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July 31, 2006

  • Kamikaze Temp
  • In the fall of 1996, I moved to Britain and began working in a series of temp jobs. As secretaries go, it turned out I was pretty good at typing up dictated letters (British offices in the 1990s were still harbouring the illusion that middle management should never operate a computer) and I was good at all the other requisite tasks as well. I had a couple of great long-term assignments where I was highly regarded.

    But then the great drought happened—there was no secretarial work in the offing, anywhere. Desperate to somehow keep paying my rent and a flurry of other bills (it was the first time I truly lived on my own) I told Alison and Liz, the unbelievably good looking consultants at my temp agency that I’d take anything.

    And so eventually something came in the ‘anything’ category. It was a job at the head office well-known chain of high street shops. Their offices were on Marylebone Road in London, just a couple of blocks from the Baker Street tube. I would be working in logistics with the fashion buyers for kids’ clothes.

    I think my job was in data entry, putting in tracking information on various garment items as they were shipped around the country from the warehouse to stores and back. I think. the truth is, I don’t know what the hell I was actually doing. I was never given any great detail or indeed given any details whatsoever. It mostly involved entering different alpha numeric codes into a program that was written in the days of Fortran and required the 1978 equivalent of the Rosetta Stone to decipher—a translation key long gone.

    Now I’ve been in a few ‘Chauncey Gardner’ jobs—jobs where, like Peter Sellers’ character in Being There, everyone thinks you know what is going on when in fact you haven’t a clue (indeed, I once temped in the Ontario Provincial Government for a whole year in an area on that basis). But this took it to a whole new level. My job was to take printouts of information and then take codes from it printed in tiny type and punch them into the system not knowing what they meant or indeed understanding how the program itself worked. (Or why they would spend the money on someone to take information derived from one computer system and entering into another instead of spending the money on making both systems compatible with each other—but then Oracle and SAP were only in their infancy then.) To this day, for all I know I was actually involved in an MI5 scheme to enter the code for a thermonuclear device. I’ve never been in a job where I knew so little. And training was non-existent, partially because (I’ve come to realize) anyone else was probably just as much in the dark as I was.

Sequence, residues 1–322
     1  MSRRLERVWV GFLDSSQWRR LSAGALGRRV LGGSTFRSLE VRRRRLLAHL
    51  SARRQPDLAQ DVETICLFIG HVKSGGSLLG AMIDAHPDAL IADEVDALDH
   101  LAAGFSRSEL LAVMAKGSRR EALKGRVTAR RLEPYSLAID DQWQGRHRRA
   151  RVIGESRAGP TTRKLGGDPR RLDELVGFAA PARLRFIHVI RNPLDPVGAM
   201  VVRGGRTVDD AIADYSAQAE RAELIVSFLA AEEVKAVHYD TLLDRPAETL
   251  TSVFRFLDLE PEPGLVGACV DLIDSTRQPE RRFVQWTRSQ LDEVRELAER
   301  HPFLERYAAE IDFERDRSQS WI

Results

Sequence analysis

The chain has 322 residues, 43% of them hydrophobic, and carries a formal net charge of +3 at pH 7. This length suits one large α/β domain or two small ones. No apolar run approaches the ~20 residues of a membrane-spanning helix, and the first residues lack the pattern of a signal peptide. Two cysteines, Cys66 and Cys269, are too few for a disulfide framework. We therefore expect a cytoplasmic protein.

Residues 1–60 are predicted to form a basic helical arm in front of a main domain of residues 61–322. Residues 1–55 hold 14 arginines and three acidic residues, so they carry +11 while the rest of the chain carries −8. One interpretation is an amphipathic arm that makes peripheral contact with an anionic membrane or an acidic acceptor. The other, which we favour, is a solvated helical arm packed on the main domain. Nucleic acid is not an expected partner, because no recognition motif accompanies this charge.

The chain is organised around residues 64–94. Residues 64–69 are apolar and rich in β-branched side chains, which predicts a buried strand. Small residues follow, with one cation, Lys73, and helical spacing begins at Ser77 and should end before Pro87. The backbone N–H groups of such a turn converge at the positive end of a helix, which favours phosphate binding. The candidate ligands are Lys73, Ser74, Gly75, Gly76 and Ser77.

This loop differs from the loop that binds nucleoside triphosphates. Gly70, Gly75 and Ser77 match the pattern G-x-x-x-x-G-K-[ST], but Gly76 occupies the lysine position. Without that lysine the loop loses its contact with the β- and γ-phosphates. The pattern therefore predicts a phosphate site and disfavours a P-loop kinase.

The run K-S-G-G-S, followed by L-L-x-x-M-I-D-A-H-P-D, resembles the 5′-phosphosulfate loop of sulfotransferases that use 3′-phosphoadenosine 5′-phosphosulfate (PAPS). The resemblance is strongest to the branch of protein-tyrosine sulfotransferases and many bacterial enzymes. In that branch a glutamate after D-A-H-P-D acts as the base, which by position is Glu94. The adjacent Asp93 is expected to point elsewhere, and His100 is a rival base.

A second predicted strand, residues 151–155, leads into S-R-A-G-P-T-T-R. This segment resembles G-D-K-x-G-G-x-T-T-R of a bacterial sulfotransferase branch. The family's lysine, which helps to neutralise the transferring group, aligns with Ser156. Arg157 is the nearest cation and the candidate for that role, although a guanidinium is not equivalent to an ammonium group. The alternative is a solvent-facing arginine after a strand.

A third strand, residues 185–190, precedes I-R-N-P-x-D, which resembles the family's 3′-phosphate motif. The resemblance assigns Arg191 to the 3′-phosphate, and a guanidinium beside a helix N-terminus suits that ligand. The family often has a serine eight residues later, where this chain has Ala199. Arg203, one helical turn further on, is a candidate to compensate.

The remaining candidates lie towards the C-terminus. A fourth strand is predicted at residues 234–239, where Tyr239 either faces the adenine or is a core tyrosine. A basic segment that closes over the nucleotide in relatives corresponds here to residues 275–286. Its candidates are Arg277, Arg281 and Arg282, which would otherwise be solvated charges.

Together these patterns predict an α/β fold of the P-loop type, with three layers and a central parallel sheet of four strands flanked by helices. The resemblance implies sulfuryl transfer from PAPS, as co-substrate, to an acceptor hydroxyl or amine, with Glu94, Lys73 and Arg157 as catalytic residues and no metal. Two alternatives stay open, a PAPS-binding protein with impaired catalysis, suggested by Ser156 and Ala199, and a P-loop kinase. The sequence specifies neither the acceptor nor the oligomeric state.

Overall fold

And that might have been all right if the people I shared an office with weren’t so insufferable. The logistics department was an entry-level position and people were hired out of college, so we’re talking about a job where 19 year-olds are in real positions of responsibility. And that’s great and enabling for them, but they still acted as though they were in sixth form: they were intensely cliquish, annoyingly immature and, in that way that immature high school cliques do, they pretty much sized me up and decided to either wind me up or deliberately snub me. The result was that I was 26 and I was back in high school again.

    The co-worker who sat next to me, the one who was nominally the one supervising me, was a kid who was barely no longer in need of using acne remedies. His way of winding me up was to give me a hard time about being Canadian. Now, practically every workplace I toiled in Britain did that—never quite getting that they all sounded appallingly ignorant—but this guy took the cake.

    “Have you met any Red Indians?” He once asked me.
    “They’re called Native Canadians or Aboriginals,” I explained patiently, “‘Red Indian’ is considered to be pejorative.”
    He continued undeterred—or simply didn’t understand what the term ‘pejorative’ meant—“Do Red Indians still wear headdresses?”.

    Obviously, he was trying to get a rise, but he was also a grade-A ingnoramus. But then, by that point I thought the whole lot of them were wankers. And, faced with that, being treated like I was in high school, I responded with the maturity of a teenager myself and didn’t exactly behave in an exemplary fashion. I was sullen and just a touch belligerent. I spent way to much time on the phone making personal calls (this was in the days before offices had the Internet). My overall attitude was somewhere inbetween “I don’t give a damn” and “just four more hours to go”.

    Years later, I watched the British version of The Office and I was transported to this particular job—doing time in a job for £6.50 an hour (a considerable reduction from past assignments, another source of contention) on meaningless labour with people I despised.

    Well, I didn’t despise all of them.